Tag Archives: Dachey Lin

Test Yourself

This review has been printed in the April 2020 issue of Chess Life.  A penultimate (and unedited) version of the review is reproduced here. Minor differences exist between this and the printed version. My thanks to the good folks at Chess Life for allowing me to do so.

Edouard, Romain. Chess Calculation Training for Kids and Club Players. Gent: Thinkers Publishing, 2020. ISBN 9789492510693. Figurine notation. 152 pages.

Kuzmin, Alexey. Together with Mamedyarov. Gent: Thinkers Publishing, 2020. ISBN 9789492510726. Figurine notation. 354 pages.

Song, Guannan; Lin, Dachey; Song, Edward. Practical Chess Puzzles: 600 Positions to Improve Your Calculation and Judgement. London: Everyman Chess, 2020. ISBN 9781781945612. PB 285pp.

Zlatanovic, Boroljub. Fundamental Chess Strategy in 100 Games. Gent: Thinkers Publishing, 2019. ISBN 9789492510686. PB 507pp.

Thinkers Publishing has been churning out new books at a furious rate, and no less than ten titles recently appeared in a giant box on my doorstep. While Thinkers has tended to target a more advanced readership in the past, they seem to be expanding their enterprise, with new releases clearly aimed at improvers. This month we’ll check out three such titles, along with a “kindred spirit” just out from Everyman Chess.

Together with Mamedyarov is GM Alexey Kuzmin’s third book with Thinkers Publishing. His first, Together with Morozevich (2017), uses the games of the Russian genius to present readers with complex problems for solving. This was followed in 2018 by Together with the Candidates, a collection of puzzles drawn from Candidates matches and tournaments. For this effort Kuzmin was awarded the 2018 FIDE Book of the Year award.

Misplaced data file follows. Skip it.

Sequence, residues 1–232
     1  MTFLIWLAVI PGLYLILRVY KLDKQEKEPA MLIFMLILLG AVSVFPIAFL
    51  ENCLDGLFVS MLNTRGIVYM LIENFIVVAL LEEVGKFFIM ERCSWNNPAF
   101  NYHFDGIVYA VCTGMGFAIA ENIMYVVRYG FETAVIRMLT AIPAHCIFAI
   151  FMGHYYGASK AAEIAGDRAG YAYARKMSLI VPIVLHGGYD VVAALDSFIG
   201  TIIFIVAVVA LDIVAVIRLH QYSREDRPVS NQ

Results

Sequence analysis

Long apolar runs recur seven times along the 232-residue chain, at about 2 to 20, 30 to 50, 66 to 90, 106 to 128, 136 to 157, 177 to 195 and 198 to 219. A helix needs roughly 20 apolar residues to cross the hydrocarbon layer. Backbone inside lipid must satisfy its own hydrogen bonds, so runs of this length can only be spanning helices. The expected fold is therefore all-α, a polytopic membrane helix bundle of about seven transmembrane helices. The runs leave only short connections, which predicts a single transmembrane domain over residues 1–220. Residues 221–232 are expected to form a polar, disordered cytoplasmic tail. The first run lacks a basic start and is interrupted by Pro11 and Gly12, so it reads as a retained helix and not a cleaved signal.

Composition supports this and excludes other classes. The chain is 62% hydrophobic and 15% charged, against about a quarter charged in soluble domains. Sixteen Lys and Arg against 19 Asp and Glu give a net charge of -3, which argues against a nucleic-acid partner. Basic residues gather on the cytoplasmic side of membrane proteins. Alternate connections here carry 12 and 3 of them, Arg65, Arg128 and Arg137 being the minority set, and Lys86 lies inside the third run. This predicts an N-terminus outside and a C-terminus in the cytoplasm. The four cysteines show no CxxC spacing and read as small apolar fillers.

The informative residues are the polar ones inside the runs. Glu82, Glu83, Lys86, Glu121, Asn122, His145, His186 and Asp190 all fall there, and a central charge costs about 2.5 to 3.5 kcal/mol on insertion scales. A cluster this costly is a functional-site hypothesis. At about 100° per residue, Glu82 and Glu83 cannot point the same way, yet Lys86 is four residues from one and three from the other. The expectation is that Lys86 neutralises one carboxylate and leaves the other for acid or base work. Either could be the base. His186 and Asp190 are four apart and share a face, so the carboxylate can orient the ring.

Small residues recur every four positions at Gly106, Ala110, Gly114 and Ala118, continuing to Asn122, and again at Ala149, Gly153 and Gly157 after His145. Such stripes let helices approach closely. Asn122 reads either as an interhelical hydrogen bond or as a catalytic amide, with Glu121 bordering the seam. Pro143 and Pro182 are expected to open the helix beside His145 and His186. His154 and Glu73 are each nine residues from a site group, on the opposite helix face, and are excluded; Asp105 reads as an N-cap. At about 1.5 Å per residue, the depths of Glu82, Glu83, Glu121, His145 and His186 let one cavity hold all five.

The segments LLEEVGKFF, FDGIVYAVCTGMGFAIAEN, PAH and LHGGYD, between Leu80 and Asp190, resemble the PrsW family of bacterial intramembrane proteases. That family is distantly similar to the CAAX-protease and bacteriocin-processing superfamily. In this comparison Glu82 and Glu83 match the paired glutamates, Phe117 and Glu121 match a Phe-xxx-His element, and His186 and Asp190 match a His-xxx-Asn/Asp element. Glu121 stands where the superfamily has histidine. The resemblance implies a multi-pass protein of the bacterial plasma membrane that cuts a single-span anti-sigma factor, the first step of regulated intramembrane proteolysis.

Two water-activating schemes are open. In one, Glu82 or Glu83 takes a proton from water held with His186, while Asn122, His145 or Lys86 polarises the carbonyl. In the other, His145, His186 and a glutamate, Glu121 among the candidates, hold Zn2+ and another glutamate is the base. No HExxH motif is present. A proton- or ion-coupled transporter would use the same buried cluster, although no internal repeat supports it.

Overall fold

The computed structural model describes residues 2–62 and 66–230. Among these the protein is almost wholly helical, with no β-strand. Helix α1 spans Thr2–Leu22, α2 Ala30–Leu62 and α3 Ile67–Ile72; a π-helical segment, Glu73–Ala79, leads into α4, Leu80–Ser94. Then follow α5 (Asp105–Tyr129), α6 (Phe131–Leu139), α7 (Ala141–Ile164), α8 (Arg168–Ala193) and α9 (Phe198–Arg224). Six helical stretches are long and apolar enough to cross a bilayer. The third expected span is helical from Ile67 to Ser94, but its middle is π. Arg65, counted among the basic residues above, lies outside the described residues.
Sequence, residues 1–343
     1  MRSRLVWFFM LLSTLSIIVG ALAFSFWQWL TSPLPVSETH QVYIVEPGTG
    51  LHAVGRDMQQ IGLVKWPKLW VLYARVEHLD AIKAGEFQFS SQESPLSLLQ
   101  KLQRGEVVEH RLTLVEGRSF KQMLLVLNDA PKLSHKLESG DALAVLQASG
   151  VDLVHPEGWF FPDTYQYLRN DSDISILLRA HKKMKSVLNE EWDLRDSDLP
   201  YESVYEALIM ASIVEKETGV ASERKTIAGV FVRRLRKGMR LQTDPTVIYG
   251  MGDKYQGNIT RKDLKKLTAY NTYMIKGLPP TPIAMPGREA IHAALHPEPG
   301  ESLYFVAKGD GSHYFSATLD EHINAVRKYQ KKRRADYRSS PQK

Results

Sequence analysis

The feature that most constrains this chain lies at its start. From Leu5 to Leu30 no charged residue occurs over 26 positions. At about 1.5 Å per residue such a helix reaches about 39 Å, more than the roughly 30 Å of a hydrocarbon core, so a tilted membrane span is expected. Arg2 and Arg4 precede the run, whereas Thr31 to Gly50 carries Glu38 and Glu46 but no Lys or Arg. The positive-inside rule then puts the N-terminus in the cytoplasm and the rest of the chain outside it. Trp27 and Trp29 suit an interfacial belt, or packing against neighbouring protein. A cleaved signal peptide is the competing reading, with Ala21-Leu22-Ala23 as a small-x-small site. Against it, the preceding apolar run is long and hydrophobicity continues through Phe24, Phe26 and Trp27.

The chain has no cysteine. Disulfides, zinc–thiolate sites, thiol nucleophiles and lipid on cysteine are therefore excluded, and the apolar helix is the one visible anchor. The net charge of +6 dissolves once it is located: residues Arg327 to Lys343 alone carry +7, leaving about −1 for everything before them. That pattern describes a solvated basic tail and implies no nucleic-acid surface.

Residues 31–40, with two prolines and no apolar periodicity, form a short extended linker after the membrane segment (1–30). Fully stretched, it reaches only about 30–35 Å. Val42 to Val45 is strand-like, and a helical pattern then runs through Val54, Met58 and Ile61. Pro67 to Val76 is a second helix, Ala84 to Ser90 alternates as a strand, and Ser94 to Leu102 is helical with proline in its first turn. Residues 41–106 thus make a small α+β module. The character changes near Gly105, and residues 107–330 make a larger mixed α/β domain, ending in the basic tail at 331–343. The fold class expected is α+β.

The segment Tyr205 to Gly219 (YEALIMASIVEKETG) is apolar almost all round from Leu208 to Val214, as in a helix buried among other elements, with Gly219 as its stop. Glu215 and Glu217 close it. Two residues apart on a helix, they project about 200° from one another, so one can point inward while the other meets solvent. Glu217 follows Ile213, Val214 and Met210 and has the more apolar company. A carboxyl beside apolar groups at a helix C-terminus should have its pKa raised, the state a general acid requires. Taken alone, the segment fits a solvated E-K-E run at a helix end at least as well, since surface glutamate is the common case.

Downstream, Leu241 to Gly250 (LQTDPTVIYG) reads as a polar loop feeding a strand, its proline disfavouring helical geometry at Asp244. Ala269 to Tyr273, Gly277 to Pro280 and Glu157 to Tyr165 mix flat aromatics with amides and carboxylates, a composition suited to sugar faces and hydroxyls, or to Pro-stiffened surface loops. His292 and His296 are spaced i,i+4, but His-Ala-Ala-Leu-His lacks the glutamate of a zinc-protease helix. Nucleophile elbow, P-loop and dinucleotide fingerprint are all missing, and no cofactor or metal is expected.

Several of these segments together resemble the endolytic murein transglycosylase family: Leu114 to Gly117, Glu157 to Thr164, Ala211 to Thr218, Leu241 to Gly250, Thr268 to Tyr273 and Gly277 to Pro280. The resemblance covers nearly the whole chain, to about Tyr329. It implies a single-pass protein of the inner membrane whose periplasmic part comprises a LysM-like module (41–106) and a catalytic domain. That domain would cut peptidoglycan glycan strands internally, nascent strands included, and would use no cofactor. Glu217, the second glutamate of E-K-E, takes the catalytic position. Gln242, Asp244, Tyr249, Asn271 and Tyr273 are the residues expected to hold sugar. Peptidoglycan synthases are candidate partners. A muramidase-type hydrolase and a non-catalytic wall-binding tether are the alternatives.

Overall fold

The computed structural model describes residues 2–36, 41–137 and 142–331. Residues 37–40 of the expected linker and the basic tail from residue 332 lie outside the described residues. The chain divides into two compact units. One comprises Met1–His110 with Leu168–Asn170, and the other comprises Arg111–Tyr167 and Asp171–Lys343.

Like his first two Together with… books, Together with Mamedyarov is consciously modeled after Hort and Jansa’s The Best Move, one of the classics of chess literature. The titles of Kuzmin’s books are themselves an homage to Hort and Jansa, echoing the original Czech – Zahrajte si šachy s velmistry, or “Playing together with Grandmasters.”

Kuzmin follows Hort and Jansa’s lead in asking readers to assess positions in general before choosing a move or deciding between posed alternatives. Points are awarded for both assessment and calculation, the accumulation of which is said to correspond to different levels of strength, although readers are free to ignore (as I did) this admittedly “subjective” (8) scale. As with Hort and Jansa, players are tested on the full range of their chess knowledge. This is not strictly a “tactics book.”

But while Together with Morozevich and Together with the Candidates are written for very strong players, with some positions explicity labeled as for players over 2500, Kuzmin dials the difficulty back a bit in Together with Mamedyarov. The first chapter, “Beginning to think like a Grandmaster,” contains 80 chronological positions for readers rated 1400-1900. The second chapter, “Passing the Grandmaster test,” offers another 90, this time for players between 1700 and 2100.

Here’s an example taken from Chapter 1 with White to move. First assess the position – is White minimally better, clearly better, or equal? – and then justify that assessment with a concrete variation. Try to solve it before checking your answer.

What I like about this position is that it requires both positional judgment and sound calculation to correctly solve, something typical of Kuzmin’s selections. It doesn’t seem out of the reach of a 1900 player, although it may stretch the abilities of players at the lower end of the target audience. While Kuzmin is used to working with the world’s best players, having trained Karpov and Morozevich among others, he is not unattuned to the needs of we chess mortals, choosing well-targeted problems for his imagined reader.

Thinkers Publishing Managing Editor GM Romain Edouard, whose work on Topalov and the French Defense was reviewed in these pages in August of last year, is the author of three fairly advanced problem books: Chess Calculation Training Volume 1: Middlegames, Volume 2: Endgames, and Volume 3: Legendary Games. In  Chess Calculation Training for Kids and Club Players, Level 1: Checkmating, he turns his attention to puzzles for the lower rated player.

Across seven chapters, moving from fairly simple mate-in-twos to mate-in-mores, removing the defender tactics, and “nasty double threats,” Edouard has selected 276 checkmate problems aimed at club players. Here’s one from Chapter 7, “An Unexpected Blow,” that (for reasons that will become clear in a forthcoming issue!) caught my attention. Again, try to solve before looking at the answer!